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Livni tells Israeli voters to ignore the rain

THE two front-runners in the race to rule Israel made last-minute appeals to voters as polls opened yesterday in a close general election whose outcome could determine the course of Mideast peace negotiations.

Opinion polls have for months predicted a decisive victory for the hard-line Likud Party, headed by former prime minister Benjamin Netanyahu. But new polls released over the weekend showed the Kadima Party, led by moderate Foreign Minister Tzipi Livni, closing the gap.

After casting her vote at a Tel Aviv polling station, Livni called on Israelis to do the same, despite rainy weather that could keep the turnout low.

"I have just done what I want every citizen in Israel to do. First of all to get out of the house, rain or no rain, cold or hot, go out, go to the polling station, go into the booth, close your eyes, and vote," Livni said.

Livni was one of the architects of Israel's offensive against Hamas in the Gaza Strip last month and has been striving to present an image of herself as tough but sensible.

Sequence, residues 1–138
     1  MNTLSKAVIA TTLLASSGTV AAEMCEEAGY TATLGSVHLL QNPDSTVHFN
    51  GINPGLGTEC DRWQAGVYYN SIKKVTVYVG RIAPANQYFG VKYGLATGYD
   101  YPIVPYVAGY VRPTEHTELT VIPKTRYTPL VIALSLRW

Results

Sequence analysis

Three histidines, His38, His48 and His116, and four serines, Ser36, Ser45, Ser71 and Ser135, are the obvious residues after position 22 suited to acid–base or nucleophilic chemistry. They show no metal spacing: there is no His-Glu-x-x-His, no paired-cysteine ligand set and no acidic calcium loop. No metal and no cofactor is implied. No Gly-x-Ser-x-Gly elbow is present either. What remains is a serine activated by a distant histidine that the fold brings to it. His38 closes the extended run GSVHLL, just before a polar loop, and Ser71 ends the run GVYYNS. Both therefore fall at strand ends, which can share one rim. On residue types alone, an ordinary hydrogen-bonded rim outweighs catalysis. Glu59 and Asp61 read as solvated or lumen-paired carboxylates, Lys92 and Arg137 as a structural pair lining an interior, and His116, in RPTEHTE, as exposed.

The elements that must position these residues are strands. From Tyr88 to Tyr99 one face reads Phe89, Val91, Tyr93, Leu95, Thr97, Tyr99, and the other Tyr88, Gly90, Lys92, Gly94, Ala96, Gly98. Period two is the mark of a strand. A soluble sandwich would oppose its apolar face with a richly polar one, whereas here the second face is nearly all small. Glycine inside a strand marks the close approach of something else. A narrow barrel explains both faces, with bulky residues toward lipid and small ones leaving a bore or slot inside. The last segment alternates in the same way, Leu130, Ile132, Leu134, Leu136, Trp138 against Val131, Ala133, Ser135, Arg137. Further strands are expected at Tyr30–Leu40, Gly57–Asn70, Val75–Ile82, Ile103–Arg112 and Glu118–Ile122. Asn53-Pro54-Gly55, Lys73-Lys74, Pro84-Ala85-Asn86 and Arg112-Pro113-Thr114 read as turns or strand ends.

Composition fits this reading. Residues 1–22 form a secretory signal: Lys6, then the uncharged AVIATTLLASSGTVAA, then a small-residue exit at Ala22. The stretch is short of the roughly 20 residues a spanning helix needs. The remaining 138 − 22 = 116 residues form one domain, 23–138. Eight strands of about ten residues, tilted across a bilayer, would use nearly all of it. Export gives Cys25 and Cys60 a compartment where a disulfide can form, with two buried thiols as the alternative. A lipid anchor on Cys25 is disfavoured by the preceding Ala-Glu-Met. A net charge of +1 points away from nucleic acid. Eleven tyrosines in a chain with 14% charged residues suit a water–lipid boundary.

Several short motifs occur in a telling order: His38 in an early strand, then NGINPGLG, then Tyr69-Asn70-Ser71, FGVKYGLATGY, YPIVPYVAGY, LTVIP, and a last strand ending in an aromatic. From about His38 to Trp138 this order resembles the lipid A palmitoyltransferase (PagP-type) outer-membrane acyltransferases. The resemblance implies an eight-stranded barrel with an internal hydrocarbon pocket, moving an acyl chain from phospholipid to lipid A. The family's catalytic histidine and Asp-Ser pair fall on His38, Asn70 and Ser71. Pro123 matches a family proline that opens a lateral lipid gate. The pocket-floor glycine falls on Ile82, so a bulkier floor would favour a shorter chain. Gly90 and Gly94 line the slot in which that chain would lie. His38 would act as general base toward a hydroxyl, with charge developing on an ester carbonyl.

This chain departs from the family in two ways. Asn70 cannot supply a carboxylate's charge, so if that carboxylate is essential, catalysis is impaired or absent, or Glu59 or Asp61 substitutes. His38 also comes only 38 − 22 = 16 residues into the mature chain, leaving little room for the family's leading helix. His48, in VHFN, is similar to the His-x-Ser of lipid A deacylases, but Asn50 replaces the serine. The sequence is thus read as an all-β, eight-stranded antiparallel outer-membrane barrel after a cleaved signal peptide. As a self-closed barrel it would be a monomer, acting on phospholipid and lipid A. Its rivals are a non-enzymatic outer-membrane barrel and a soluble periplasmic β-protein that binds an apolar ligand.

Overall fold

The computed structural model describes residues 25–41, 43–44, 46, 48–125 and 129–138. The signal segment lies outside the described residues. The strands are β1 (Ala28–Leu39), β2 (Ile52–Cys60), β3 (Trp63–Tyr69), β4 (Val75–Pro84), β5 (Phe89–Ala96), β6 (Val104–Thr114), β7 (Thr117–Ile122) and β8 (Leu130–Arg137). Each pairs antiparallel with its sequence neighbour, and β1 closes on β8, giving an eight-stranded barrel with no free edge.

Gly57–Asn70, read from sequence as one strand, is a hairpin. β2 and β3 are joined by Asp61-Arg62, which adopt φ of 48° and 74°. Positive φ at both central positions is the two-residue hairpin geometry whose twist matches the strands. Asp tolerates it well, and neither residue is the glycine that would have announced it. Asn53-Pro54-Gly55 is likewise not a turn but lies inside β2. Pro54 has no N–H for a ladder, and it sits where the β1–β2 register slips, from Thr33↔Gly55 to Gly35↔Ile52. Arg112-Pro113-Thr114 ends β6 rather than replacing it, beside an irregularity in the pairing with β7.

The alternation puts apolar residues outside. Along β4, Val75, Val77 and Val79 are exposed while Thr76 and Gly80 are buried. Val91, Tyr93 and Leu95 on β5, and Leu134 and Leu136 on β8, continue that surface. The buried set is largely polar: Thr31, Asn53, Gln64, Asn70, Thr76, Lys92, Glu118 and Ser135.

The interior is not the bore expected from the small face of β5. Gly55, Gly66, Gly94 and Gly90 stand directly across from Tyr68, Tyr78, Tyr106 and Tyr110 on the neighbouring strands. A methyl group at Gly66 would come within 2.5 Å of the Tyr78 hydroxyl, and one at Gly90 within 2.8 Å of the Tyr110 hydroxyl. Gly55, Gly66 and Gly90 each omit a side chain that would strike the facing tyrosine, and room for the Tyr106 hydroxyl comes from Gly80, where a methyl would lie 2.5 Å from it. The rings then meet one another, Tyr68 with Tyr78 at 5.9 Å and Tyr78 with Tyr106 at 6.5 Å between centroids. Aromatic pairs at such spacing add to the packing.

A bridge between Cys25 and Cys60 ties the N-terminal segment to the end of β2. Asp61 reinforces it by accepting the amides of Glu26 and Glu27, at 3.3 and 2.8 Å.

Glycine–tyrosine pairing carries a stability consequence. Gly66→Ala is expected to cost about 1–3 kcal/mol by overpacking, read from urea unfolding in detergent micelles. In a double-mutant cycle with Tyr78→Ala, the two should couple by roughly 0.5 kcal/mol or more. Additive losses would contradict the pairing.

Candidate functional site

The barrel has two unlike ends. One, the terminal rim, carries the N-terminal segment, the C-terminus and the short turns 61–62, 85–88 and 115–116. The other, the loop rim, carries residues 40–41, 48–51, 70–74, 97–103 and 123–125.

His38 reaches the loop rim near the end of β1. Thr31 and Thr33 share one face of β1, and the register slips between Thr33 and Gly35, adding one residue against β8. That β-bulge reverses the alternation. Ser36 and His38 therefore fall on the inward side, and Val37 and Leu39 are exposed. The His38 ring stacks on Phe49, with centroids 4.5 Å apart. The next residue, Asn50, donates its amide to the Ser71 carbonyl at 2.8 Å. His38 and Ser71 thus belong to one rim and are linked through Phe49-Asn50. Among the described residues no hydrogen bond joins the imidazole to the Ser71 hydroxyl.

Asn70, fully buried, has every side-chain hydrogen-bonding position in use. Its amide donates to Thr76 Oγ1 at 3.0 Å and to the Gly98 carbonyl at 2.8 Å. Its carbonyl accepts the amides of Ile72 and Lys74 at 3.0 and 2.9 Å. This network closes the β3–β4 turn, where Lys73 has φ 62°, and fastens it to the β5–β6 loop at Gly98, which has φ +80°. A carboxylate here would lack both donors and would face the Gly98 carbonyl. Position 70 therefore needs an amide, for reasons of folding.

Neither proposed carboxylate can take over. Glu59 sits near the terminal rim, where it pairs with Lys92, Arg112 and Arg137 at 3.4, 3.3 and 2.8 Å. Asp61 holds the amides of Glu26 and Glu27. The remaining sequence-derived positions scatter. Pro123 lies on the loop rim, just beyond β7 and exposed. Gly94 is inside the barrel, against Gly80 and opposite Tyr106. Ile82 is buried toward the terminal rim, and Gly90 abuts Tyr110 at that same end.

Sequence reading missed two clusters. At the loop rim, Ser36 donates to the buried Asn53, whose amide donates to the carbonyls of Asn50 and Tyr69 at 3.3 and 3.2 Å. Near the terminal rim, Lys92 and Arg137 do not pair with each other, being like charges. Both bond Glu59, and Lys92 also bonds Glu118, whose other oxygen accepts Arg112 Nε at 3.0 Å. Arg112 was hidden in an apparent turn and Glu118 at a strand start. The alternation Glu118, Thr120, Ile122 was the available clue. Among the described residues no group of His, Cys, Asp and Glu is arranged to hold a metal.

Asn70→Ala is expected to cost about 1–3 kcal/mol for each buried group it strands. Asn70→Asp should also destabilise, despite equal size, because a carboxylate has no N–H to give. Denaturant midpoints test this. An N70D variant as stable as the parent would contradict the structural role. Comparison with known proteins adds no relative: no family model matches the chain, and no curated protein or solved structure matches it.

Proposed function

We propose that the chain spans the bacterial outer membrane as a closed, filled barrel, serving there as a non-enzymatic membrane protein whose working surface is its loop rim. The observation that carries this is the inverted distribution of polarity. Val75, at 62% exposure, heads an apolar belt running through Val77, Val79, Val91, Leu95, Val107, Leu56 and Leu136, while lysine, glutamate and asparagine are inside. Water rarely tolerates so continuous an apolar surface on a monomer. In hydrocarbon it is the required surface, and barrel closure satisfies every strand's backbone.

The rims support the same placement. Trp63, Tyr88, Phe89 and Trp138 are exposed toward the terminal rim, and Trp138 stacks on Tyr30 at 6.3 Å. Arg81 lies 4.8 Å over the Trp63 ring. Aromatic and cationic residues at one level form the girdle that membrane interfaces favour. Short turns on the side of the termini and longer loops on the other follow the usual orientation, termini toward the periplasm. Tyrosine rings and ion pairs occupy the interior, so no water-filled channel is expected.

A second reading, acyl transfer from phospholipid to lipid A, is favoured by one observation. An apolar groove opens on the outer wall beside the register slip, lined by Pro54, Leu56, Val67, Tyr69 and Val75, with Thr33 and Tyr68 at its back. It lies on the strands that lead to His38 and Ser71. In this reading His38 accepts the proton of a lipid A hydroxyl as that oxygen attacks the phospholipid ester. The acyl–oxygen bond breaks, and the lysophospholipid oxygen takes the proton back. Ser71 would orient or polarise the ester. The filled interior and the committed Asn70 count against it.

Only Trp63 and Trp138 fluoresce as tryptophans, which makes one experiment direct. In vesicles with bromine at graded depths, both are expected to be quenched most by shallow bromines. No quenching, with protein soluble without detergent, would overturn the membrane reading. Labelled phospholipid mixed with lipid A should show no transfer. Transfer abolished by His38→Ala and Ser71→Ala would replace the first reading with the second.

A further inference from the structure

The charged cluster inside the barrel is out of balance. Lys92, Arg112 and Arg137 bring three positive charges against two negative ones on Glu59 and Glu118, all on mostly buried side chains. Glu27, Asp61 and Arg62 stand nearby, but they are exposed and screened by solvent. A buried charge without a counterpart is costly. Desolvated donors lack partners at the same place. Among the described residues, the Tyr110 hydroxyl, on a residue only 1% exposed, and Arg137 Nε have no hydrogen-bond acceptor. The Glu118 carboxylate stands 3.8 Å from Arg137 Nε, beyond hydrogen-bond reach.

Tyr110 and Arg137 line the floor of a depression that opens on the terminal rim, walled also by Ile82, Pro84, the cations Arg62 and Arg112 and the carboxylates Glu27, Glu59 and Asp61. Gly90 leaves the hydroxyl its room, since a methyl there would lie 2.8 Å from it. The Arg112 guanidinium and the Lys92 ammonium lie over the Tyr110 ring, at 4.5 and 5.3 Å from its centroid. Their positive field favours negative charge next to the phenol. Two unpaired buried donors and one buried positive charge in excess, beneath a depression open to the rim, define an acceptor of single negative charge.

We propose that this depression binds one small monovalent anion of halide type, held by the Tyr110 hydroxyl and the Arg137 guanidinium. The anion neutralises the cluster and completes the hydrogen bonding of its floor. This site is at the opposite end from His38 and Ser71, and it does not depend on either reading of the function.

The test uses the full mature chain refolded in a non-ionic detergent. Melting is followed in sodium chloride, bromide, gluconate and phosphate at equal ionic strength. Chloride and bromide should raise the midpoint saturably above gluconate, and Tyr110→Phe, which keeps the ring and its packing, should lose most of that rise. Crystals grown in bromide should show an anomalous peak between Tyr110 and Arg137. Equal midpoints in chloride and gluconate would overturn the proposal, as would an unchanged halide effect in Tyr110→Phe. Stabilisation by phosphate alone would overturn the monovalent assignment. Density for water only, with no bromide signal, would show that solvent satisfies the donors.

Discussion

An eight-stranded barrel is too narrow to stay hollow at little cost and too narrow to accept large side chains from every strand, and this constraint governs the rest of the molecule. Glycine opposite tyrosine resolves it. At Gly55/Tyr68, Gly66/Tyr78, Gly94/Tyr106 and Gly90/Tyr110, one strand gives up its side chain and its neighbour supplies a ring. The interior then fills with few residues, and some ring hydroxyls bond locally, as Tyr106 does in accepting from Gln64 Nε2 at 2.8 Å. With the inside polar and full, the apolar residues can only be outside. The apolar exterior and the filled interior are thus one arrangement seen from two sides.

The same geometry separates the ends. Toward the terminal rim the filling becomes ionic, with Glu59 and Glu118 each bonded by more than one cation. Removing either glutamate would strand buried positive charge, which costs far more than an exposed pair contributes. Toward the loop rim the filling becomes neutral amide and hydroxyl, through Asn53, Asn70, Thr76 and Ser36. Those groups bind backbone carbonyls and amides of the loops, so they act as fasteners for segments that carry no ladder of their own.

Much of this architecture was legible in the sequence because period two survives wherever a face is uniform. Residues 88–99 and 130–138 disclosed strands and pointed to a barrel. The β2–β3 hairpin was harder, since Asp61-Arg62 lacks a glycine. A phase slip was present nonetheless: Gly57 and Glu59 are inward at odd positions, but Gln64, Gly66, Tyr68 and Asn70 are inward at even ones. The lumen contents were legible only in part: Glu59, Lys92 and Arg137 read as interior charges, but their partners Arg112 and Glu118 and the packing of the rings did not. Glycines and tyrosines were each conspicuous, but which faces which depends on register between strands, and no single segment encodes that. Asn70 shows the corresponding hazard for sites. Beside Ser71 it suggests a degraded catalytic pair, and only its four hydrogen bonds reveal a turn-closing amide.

Despite the narrow gap between Livni and Netanyahu, polls have predicted that voters will take a sharp turn to the right and elect a parliament dominated by hard-line parties opposed to territorial concessions. That would make it difficult for Livni to form a government even if she wins.

The national mood is at least partially linked to the rocket fire from Gaza that sparked Israel's recent offensive there, and to a sense among Israelis that territorial withdrawals like the country's 2005 Gaza pullout have only brought more violence.

With 33 parties running in the election, polls over the weekend showed more than 15 percent of Israelis still undecided.

Netanyahu is portraying himself as the candidate best equipped to deal with the threats that Israel faces.

"I will do everything so that our enemies won't provoke us, won't think we're weak, won't rain down their rockets," he said in the southern city of Beersheba.

"They'll know that in Israel there's a different government, a strong prime minister who will answer with a crushing response to any attack on us."

Netanyahu opposes ceding land to the Palestinians and favors allowing Israeli settlements in the West Bank to expand.

Livni says a West Bank withdrawal is necessary for Israel's own security.


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